Archive

Posts Tagged ‘fork’

Deadlock or how to hang a process waiting for a resource indefinitely ☠☠☠

April 4, 2014 No comments

It’s a typical exercise, but we always see it theoretically, let’s bring it to practice. We’re developing with semaphores. As we can see here and here, semaphores, among other things will be used to block a process or thread which is trying to access an exclusive resource which is already being used by other process. A typical example is when you go to a public toilet: when the door isn’t locked, you go in and lock the door, when you finish whatever you were doing there, you unlock the door and exit. The same way, when a process tries to use a resource, if the semaphore is open, closes it, use the resource and reopens the semaphore when finish.
But, here we can create as many semaphores as we want, and we are free to do whatever we want with them, so we can create tons of situations.

But, what if we have three processes (P1, P2 and P3), and P1 is waiting for P2, P2 is waiting for P3 and P3 is waiting for P1? We’ll be waiting forever.

What I’m about to code is:

  • We have two processes (P1 and P2)
  • We have two resources (R1 and R2) which are exclusive (only one process can access each moment)
  • P1 wants to access R1, so closes its semaphore
  • P2 wants to access R2, so closes its semaphore
  • P1 wants to access also R2, so waits for its semaphore to be open
  • P2 wants to access also R1, so waits for its semaphore to be open

As P1 is waiting P2 to open R2 semaphore and P2 is waiting P1 to open R1 semaphore, both processes will be waiting indefinitely.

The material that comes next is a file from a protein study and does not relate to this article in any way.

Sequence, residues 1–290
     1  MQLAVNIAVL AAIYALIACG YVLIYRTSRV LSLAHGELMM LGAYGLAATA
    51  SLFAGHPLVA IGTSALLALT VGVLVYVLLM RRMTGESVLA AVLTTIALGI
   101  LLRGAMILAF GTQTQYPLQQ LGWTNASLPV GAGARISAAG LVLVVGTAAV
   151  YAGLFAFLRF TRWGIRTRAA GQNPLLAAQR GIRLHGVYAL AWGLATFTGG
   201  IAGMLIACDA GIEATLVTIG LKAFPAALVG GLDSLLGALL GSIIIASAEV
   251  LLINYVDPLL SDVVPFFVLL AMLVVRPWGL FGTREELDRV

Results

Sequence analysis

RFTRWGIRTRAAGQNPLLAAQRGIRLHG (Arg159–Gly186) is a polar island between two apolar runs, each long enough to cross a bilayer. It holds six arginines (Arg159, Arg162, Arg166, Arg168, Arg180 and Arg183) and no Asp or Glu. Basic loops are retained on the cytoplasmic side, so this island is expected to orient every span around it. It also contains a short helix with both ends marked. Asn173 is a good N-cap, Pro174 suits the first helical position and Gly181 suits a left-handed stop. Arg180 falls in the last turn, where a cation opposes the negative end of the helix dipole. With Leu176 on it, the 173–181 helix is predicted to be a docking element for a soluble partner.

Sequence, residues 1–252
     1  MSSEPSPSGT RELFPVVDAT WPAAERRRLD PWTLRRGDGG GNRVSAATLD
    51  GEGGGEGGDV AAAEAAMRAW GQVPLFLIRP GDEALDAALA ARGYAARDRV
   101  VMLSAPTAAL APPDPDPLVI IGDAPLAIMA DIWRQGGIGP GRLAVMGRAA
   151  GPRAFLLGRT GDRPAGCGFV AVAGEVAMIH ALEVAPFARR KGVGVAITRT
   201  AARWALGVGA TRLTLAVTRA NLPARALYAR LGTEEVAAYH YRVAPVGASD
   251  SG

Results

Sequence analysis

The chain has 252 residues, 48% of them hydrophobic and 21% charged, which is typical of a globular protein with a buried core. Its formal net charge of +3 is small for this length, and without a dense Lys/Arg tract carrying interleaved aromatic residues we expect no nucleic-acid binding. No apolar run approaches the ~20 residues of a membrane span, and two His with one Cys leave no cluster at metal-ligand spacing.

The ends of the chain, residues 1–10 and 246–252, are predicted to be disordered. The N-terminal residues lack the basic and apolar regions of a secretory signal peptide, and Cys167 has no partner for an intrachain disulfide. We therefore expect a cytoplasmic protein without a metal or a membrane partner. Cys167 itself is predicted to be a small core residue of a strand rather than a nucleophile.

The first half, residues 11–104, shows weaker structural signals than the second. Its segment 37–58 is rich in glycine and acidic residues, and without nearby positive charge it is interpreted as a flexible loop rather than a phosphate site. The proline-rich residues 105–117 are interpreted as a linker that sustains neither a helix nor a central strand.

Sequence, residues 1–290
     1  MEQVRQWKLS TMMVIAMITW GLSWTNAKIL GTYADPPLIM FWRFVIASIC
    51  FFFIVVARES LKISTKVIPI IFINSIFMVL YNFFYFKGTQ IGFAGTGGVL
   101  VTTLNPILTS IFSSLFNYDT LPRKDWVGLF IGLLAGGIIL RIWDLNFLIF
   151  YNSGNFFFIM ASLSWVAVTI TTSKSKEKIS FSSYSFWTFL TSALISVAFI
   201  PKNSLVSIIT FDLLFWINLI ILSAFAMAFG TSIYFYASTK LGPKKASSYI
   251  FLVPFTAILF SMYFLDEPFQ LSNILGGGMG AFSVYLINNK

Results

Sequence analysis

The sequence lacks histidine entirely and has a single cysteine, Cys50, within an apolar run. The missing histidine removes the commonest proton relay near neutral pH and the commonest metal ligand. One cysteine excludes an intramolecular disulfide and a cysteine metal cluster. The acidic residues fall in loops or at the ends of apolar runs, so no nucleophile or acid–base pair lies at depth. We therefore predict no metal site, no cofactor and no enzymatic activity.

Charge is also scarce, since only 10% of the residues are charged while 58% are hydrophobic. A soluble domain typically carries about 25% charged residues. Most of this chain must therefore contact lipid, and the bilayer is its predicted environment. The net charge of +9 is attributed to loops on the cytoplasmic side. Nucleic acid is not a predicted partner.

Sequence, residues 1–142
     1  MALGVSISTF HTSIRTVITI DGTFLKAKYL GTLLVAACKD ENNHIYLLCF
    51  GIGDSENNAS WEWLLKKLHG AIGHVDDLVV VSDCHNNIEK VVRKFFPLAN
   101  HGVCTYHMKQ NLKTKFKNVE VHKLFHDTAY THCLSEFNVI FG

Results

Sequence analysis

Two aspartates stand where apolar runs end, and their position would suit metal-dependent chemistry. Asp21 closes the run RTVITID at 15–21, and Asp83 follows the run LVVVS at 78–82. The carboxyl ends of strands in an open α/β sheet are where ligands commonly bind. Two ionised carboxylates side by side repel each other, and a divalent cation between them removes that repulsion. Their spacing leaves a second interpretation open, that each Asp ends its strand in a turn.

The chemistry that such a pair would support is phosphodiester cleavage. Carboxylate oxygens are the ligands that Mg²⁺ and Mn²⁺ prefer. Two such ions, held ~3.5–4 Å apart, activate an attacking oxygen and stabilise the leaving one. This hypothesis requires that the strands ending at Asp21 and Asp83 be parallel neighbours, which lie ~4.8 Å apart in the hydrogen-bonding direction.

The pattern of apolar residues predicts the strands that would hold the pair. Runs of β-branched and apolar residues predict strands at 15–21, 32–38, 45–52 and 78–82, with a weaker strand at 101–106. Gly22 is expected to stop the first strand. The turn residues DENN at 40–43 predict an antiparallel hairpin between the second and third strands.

Check this:

1
2
3
4
5
6
7
8
9
10
11
12
13
14
15
16
17
18
19
20
21
22
23
24
25
26
27
28
29
30
31
32
33
34
35
36
37
38
39
40
41
42
43
44
45
46
47
48
49
50
51
52
53
54
55
56
57
58
59
60
61
62
63
64
65
#include <unistd.h>
#include <stdlib.h>
#include <stdio.h>
#include <stdint.h>
#include <sys/mman.h>
#include <semaphore.h>
#include <string.h>

int main()
{
  sem_t *sem1 = mmap(NULL, sizeof(sem_t), PROT_READ | PROT_WRITE,
             MAP_SHARED | MAP_ANONYMOUS, -1, 0);
  sem_t *sem2 = mmap(NULL, sizeof(sem_t), PROT_READ | PROT_WRITE,
             MAP_SHARED | MAP_ANONYMOUS, -1, 0);

  int child;

  sem_init (sem1, 1, 1);
  sem_init (sem2, 1, 1);

  child = fork();
  if (child==-1)
    exit(1);
  else if (child==0)
    {
      while(1)
    {
      printf ("[%d] Child waits for sem1...\n", getpid());
      sem_wait(sem1);
      printf ("[%d] Child passes sem1.\n", getpid());
      printf ("[%d] Child waits for sem2...\n", getpid());
      sem_wait(sem2);
      printf ("[%d] Child passes sem2.\n", getpid());
      usleep(100);
      printf ("[%d] Child posts sem2\n", getpid());
      sem_post(sem2);
      printf ("[%d] Child posts sem1\n", getpid());
      sem_post(sem1);
    }
      exit(2);
    }
  else
    {
      while(1)
    {
      printf ("[%d] Main waits for sem2...\n", getpid());
      sem_wait(sem2);
      printf ("[%d] Main passes sem2.\n", getpid());
      printf ("[%d] Main waits for sem1...\n", getpid());
      sem_wait(sem1);
      printf ("[%d] Main passes sem1.\n", getpid());
      usleep(100);
      printf ("[%d] Main posts sem1\n", getpid());
      sem_post(sem1);
      printf ("[%d] Main posts sem2\n", getpid());
      sem_post(sem2);
    }
    }
  while (wait(NULL)>=0);

  munmap(sem1, sizeof(sem_t));
  munmap(sem2, sizeof(sem_t));

  return 0;
}

Compile with pthread (gcc -o deadlock deadlock.c -lpthread) and see something like this:

$ ./deadlock
[30643] Main waits for sem2…
[30643] Main passes sem2.
[30643] Main waits for sem1…
[30643] Main passes sem1.
[30644] Child waits for sem1…
[30643] Main posts sem1
[30643] Main posts sem2
[30643] Main waits for sem2…